Trabecular bone density in a two year controlled trial of peroral magnesium in osteoporosis.

G. Stendig-Lindberg, R. Tepper, I. Leichter

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Since magnesium regulates calcium transport, and magnesium replacement in magnesium-deficient postmenopausal patients resulted in unexpected improvement in documented osteoporosis, we investigated the effect of magnesium treatment on trabecular bone density in postmenopausal osteoporosis. Thirty-one postmenopausal patients (mean age +/- SD = 57.6 +/- 10.6 years), consecutively admitted to the Back Rehabilitation Unit with musculoskeletal pain of non-malignant origin and bone density values of < or = 1.19 g/cm3 (measured by Compton Bone Densitometer), received two to six tablets daily of 125 mg each of magnesium hydroxide (Magnesium Magma USP/; 'Mazor', Israel) for 6 months and two tablets for another 18 months in a 2 year, open, controlled therapeutic trial. Twenty-three symptom-free postmenopausal women (mean +/- SD = 61.2 +/- 6.2 years) whose bone density was concurrently assessed at the same laboratory and who were found to have osteoporosis but refused treatment, served as controls. No new fractures occurred. Twenty-two patients (71 per cent) responded by a 1-8 per cent rise of bone density. The mean bone density of all treated patients increased significantly after 1 year (P < 0.02) and remained unchanged after 2 years (P > 0.05). The mean bone density of the responders increased significantly both after one year (P < 0.001) and after 2 years (P < 0.02), while in untreated controls, the mean bone density decreased significantly (P < 0.001). The disparity between the initial mean bone density and bone density after one year in all osteoporotic patients and in the responders differed significantly from that of the controls (both P < 0.001).(ABSTRACT TRUNCATED AT 250 WORDS)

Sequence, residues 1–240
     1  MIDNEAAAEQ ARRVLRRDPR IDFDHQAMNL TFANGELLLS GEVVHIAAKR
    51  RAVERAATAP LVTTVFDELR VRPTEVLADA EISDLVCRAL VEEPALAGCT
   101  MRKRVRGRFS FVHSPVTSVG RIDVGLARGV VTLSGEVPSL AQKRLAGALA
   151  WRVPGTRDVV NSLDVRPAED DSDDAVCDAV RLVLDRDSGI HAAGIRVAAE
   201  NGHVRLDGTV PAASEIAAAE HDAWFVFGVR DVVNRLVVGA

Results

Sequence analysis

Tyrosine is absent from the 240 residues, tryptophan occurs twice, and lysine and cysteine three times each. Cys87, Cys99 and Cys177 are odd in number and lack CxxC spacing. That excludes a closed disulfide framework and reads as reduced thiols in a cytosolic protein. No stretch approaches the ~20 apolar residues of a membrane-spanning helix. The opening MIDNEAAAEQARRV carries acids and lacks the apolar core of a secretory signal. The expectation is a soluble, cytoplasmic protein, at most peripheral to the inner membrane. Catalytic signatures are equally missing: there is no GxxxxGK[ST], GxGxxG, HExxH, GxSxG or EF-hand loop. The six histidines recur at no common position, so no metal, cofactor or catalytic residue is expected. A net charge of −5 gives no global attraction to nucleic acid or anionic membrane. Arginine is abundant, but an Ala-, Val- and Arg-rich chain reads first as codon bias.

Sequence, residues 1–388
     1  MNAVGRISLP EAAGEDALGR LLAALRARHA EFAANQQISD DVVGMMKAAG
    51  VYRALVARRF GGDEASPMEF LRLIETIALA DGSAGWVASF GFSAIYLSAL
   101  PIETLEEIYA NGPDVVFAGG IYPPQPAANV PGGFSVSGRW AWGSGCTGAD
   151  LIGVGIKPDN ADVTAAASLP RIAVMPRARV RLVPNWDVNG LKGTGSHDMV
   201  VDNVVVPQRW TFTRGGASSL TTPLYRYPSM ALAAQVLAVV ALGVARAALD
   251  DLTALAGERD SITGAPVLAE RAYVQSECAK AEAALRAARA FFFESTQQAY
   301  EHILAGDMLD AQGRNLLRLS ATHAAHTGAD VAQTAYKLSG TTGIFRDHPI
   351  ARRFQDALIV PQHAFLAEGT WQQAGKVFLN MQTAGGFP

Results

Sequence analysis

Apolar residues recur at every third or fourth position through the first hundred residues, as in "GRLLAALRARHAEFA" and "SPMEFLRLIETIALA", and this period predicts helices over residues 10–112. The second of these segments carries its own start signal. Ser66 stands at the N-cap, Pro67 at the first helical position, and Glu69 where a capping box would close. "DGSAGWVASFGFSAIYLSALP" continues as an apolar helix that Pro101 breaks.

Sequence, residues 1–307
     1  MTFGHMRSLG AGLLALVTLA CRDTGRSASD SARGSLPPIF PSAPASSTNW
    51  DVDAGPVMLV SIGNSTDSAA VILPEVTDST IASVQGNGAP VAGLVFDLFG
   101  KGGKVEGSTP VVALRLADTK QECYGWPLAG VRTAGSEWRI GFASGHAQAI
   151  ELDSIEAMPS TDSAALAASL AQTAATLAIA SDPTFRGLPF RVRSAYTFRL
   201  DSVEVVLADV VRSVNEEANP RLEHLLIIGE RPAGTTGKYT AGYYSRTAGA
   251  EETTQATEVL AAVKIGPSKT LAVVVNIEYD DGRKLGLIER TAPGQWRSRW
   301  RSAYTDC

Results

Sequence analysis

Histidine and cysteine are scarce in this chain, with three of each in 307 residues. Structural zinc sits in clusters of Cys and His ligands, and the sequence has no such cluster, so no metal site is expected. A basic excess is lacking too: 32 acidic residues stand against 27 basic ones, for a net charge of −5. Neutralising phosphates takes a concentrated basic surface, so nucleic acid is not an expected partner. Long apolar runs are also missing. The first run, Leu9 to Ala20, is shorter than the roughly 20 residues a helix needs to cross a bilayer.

Original languageEnglish
Pages (from-to)155-163
Number of pages9
JournalMagnesium Research
Issue number2
StatePublished - Jun 1993


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